Conflict & Justice

Syrian rebels take 256 army prisoners, Al Jazeera reports


A Syrian boy holds the gun of a Syrian rebel fighter during a protest against the regime of President Bashar al-Assad in the northern city of Aleppo on October 12, 2012.



Syrian rebels released video today that claims to show they’ve captured 256 government troops in Idlib, Al Jazeera reported.

The network couldn’t verify the identity of the prisoners or the veracity of the video, which it didn’t post online.

“All we know is that these prisoners are from Az Zainiyeh,” reporter Anita McNaught said at

“Az Zainiyeh was where the Syrian army forces had withdrawn after opposition fighters had driven them out of the villages in that part of Idlib.”

Rebels might have captured the prisoners three days ago when fighting broke out in Az Zainiyeh, McNaught said.

The claims come a day after rebels captured an air defence base.

More from GlobalPost: Syrian conflict continues to spill into Turkey

Rebels fought for control of a base east of Aleppo on Friday and a military barracks along the highway from Syria’s second-largest city to the Turkish border, according to Reuters.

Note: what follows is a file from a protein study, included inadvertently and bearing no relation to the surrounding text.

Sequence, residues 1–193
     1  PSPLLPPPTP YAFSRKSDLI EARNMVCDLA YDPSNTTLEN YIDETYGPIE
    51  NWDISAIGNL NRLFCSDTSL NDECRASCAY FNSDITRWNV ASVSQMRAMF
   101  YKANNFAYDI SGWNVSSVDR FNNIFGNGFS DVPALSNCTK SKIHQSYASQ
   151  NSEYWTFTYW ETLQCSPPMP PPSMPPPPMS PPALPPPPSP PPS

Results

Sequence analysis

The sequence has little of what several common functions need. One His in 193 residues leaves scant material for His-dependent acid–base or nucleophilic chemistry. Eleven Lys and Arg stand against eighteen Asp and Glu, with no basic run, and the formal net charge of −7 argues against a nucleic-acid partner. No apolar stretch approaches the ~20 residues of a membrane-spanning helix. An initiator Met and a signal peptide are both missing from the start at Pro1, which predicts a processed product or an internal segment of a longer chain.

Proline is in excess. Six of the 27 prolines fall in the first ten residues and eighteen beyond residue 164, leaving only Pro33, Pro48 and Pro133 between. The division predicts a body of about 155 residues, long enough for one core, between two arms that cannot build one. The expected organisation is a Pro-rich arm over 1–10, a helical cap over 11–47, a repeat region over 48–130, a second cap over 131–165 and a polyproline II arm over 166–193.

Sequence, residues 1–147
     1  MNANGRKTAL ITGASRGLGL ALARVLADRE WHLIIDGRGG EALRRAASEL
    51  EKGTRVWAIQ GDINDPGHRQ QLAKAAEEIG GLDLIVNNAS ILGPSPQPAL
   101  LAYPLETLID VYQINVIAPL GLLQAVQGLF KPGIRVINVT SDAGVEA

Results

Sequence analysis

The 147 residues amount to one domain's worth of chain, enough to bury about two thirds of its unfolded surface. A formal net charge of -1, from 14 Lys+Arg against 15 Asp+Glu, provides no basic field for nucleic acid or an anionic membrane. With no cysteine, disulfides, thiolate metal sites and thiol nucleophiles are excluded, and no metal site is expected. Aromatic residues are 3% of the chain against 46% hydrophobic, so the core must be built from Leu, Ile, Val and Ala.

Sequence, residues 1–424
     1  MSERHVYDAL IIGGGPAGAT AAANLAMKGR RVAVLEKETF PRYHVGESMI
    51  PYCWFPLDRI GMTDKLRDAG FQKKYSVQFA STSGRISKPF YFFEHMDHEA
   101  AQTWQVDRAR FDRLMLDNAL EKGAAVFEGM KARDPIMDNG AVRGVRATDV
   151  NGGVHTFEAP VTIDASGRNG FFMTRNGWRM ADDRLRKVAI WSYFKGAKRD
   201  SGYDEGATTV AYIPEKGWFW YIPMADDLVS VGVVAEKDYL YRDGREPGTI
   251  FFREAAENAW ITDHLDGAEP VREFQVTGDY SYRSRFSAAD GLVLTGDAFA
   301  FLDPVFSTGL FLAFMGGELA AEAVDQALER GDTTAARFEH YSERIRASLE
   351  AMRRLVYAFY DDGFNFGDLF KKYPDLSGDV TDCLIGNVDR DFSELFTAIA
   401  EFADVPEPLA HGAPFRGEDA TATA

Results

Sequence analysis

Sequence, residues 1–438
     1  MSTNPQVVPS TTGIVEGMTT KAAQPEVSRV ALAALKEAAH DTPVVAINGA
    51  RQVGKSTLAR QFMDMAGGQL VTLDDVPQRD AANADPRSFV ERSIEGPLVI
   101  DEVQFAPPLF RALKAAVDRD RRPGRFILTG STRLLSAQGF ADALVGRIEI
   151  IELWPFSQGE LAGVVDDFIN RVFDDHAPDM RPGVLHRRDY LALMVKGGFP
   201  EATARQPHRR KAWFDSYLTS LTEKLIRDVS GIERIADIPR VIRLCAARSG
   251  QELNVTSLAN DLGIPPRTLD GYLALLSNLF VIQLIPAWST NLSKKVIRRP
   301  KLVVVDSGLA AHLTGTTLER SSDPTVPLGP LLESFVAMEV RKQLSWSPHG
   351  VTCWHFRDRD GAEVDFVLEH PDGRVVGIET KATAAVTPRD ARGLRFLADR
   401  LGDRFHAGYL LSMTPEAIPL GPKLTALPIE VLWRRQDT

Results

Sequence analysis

Today, the rebels clashed with reinforcements headed into the area, AFP said.

The Free Syrian Army sent back reinforcements heading for Maaret al-Numan where the barracks was located.

However, Syrian jets bombed the town, killing two civilians and destroying three homes, AFP reported.

The army sent tanks, 40 military vehicles and troops in an effort to recapture Maaret al-Numan, which has been under rebel control since Tuesday.

“The rebels tried again to storm the Wadi Deif army base (on Saturday) ... when they were bombarded by a MiG fighter jet,” Syrian Observatory for Human Rights director Rami Abdel Rahman told AFP.

Army shelling focused on an underground field hospital injured about 20 rebels as residents fled, the news agency reported.

The 19-month civil war to overthrow President Bashar al-Assad has killed more than 33,000 people, according to new Observatory estimates.

More than two-thirds are civilians and rebel fighters.